The Mary Rose sank outside Portsmouth on 19th July 1545, as she sailed out of Portsmouth harbour to meet the French fleet. Trapped by netting, or below deck, the crew stood little chance, and their bodies and belongings went to the bottom of the Solent. Excavation of the hull and its contents produced a huge and varied collection of objects, that together make up a detailed and unique picture of what life was like on board a sixteenth century warship.
‘Before the Mast: Life and Death Aboard the Mary Rose’, edited by Dr Julie Gardiner is the biggest and most ambitious of the series of volumes on the archaeology of the Mary Rose, produced by Wessex Archaeology for The Mary Rose Trust. With over 700 pages, and more than 570 illustrations (71 in colour), it is a truly magnificent achievement.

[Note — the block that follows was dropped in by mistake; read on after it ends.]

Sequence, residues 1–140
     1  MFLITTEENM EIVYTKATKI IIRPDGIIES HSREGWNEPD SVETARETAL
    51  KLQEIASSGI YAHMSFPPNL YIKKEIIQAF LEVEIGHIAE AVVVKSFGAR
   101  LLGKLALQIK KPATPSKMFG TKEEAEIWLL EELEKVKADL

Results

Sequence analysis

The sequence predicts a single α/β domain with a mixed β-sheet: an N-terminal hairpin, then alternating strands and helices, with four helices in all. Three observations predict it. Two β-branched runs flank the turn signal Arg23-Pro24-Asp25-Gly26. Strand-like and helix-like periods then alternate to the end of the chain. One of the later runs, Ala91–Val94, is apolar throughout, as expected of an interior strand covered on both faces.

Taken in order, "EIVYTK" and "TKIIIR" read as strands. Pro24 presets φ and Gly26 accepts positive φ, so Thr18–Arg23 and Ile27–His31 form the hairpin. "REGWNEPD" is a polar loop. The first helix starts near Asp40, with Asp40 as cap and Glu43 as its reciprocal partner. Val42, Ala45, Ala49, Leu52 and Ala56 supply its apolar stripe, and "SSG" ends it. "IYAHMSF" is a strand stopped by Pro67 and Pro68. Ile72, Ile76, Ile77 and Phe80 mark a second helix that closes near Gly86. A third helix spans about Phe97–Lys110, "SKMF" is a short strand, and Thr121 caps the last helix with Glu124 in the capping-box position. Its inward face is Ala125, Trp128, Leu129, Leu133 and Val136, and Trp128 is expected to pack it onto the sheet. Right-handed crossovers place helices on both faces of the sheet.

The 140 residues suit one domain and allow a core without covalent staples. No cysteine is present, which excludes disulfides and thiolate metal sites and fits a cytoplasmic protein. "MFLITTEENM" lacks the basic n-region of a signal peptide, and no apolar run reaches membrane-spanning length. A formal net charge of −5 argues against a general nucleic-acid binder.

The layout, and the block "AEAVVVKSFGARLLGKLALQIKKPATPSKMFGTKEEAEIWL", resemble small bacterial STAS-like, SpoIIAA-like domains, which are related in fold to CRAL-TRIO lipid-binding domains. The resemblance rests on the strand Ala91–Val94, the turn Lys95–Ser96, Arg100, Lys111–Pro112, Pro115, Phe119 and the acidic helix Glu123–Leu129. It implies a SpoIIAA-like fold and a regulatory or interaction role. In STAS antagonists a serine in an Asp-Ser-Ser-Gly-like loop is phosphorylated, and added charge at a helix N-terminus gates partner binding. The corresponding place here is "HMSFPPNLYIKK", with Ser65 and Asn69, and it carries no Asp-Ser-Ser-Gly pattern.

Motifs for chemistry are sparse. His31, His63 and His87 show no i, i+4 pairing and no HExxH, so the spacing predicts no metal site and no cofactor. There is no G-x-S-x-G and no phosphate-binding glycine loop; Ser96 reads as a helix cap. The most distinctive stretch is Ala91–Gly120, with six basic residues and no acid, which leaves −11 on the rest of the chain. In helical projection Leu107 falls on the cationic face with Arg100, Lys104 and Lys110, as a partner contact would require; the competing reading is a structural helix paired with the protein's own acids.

This volume covers all the objects from the ship apart from the weapons (Weapons of Warre: The Armaments of the Mary Rose by Alexzandra Hildred will be published next year). Clothing, tools, personal objects and navigation equipment are all examined in meticulous detail, together with environmental evidence of foodstuffs and other organic materials, insects, pollen and the content of ointment canisters.
The volume contains articles by a most impressive team of experts in their field and will be absolutely invaluable to scholars, students and re-enactors, as well as offering a fascinating insight into Tudor life for the more general reader.